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Biden: Afghanistan war will get worse

Freshly returned from a tour of war zones and global hotspots, Vice President-elect Joe Biden told President-elect Barack Obama on Wednesday that "things are going to get tougher" in Afghanistan.
Vice President-elect Joe Biden makes remarks about his recent trip to Afghanistan, Iraq, Kuwait and Pakistan on Wednesday.Gerald Herbert / AP
/ Source: The Associated Press

Freshly returned from a tour of war zones and global hotspots, Vice President-elect Joe Biden told President-elect Barack Obama on Wednesday that "things are going to get tougher" in Afghanistan.

GOP Sen. Lindsey Graham, Biden's partner in the five-day, bipartisan fact-finding mission to Kuwait, Pakistan, Afghanistan and Iraq, predicted that "casualties are likely to increase" in Afghanistan as the number of U.S. troops there goes up this year.

The U.S. is rushing as many as 30,000 more troops to Afghanistan, seeking to the turn the tide in fighting that has seen al-Qaida-linked militants and the Taliban make a comeback after initial defeats in the U.S.-led invasion in 2001.

"It is a fair criticism to say, Mr. President, that we have taken our eye off the ball in Afghanistan and we need to re-engage," Graham, R-S.C., said. "And that re-engagement is going to come at a heavy price."

Biden and Graham gave Obama an initial report on their trip to the four countries, all central to America's security agenda and the broader war on terror, at Obama's transition headquarters. They will present the president-elect later with a more detailed accounting, including recommendations for action based on what they saw and heard.

Reporters weren't allowed into the meeting where Biden and Graham briefed Obama, but the trio talked to reporters brought in after it was over.

"The truth is that things are going to get tougher in Afghanistan before they're going to get better," Biden said.

Biden said he and Graham went to each country "to listen, not to convey policy." But, he said, they expressed concern to some leaders, when necessary, "about some of their actions — or lack of actions."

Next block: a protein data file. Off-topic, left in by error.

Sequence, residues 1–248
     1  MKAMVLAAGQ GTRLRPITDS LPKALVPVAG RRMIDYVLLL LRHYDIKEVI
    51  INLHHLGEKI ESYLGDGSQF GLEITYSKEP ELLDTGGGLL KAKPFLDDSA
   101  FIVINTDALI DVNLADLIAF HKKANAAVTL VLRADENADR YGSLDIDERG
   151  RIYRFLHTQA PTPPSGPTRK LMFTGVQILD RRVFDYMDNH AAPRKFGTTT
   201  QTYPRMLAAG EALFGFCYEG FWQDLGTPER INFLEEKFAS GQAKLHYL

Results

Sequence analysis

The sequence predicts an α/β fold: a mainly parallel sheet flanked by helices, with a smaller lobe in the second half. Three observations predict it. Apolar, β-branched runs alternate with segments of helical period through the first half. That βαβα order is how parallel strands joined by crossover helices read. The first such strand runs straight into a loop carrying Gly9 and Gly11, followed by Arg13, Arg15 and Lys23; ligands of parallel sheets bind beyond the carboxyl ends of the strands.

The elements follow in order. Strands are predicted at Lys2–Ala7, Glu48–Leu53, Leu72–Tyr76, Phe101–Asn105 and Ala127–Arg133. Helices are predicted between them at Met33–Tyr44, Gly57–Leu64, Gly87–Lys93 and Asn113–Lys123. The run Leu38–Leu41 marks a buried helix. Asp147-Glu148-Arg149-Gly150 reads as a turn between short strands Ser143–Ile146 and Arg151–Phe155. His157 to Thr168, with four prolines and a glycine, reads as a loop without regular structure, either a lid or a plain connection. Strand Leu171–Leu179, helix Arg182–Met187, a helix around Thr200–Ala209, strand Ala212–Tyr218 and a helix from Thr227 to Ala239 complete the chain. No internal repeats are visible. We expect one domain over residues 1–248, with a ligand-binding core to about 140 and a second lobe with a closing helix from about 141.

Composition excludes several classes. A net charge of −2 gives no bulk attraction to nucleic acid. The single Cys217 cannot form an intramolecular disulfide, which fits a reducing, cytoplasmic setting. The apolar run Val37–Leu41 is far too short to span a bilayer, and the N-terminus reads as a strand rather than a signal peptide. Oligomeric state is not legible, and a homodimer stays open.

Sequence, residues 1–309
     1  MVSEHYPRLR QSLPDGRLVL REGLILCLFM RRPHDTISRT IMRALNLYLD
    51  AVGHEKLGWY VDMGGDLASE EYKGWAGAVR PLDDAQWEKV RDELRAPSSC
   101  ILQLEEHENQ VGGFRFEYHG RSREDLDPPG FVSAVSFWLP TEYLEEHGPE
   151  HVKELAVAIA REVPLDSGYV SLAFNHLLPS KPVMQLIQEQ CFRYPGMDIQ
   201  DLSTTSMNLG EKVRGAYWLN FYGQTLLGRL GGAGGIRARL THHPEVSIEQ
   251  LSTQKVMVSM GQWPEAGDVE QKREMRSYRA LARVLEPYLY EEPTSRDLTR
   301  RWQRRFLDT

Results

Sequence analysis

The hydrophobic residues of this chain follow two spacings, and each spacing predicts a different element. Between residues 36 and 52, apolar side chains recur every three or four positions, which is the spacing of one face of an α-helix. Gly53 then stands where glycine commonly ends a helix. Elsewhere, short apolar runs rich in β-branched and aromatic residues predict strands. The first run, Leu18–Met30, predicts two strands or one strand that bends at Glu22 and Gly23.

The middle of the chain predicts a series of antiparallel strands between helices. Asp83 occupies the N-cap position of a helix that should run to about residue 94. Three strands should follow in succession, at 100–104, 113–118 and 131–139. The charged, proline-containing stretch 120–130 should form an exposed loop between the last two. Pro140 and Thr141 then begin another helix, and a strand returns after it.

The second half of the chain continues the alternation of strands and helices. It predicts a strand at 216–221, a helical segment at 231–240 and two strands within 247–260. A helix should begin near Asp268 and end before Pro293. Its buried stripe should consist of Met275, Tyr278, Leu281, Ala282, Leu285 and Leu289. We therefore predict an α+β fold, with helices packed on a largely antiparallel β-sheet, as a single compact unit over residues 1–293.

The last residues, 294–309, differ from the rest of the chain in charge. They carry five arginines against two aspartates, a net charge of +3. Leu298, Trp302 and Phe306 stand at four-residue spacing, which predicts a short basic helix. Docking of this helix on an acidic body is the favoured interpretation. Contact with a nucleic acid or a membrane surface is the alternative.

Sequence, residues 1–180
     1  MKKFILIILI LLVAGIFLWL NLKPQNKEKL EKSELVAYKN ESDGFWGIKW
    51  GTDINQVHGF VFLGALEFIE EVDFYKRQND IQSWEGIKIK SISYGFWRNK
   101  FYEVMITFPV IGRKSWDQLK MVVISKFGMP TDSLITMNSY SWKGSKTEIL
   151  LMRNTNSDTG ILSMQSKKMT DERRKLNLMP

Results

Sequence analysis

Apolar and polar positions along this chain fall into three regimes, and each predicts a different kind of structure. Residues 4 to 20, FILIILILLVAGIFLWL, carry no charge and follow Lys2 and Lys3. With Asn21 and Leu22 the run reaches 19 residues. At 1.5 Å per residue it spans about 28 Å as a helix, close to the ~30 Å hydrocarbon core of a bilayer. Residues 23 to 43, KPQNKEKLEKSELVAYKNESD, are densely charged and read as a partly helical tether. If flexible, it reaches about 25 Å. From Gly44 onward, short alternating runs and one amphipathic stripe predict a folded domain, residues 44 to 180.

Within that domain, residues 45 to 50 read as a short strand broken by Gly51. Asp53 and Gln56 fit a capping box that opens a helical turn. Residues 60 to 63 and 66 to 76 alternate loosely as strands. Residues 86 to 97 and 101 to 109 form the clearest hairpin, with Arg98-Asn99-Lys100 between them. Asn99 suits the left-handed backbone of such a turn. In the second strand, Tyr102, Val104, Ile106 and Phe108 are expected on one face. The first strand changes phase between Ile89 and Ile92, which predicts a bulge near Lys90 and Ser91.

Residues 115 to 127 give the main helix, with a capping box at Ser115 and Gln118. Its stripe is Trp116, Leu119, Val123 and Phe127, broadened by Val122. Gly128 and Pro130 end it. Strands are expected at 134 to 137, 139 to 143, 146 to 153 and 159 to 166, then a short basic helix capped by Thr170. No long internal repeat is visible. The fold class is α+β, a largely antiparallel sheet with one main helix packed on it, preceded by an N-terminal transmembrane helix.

For instance, they both emphasized the crucial role Pakistan will play in whether the U.S.-led coalition in Afghanistan can be successful. Militants cross the porous, dangerous border from the lawless frontier on the Pakistani side into Afghanistan, where they attack U.S. troops.

Biden said they told officials everywhere they went that there is a great need to build "political institutions that are sustainable."

"Focusing on personalities is not the key to success," he said.

Obama said little to reporters, other than thanking the two senators and announcing that he plans to enlist Graham as "one of our counselors" on foreign policy.

"The recommendations that you're going to be delivering to me are going to be of enormous help in making sure that we do what is my No. 1 task as president-elect and as president, and that is to keep the American people safe and to make sure that when we deploy our military, that we do so with a clear sense of mission and with strong support from the American people," Obama said.

Obama pledged during his election campaign to withdraw all American combat troops from Iraq within 16 months of taking office and shift the focus to Afghanistan.

Biden, still chairman of the Senate Foreign Relations Committee until his expected resignation from his Senate seat before becoming vice president on Tuesday, took the trip as a member of Congress, not as incoming vice president.

But it was a distinction without a difference.

The administration-in-waiting wanted to show its interest in the crucial region as soon as possible. And an official White House trip would have been much more cumbersome and have taken much longer to organize than what's known in Capitol Hill-speak as a CODEL, or congressional delegation trip. Graham is a member of the Senate Armed Services Committee.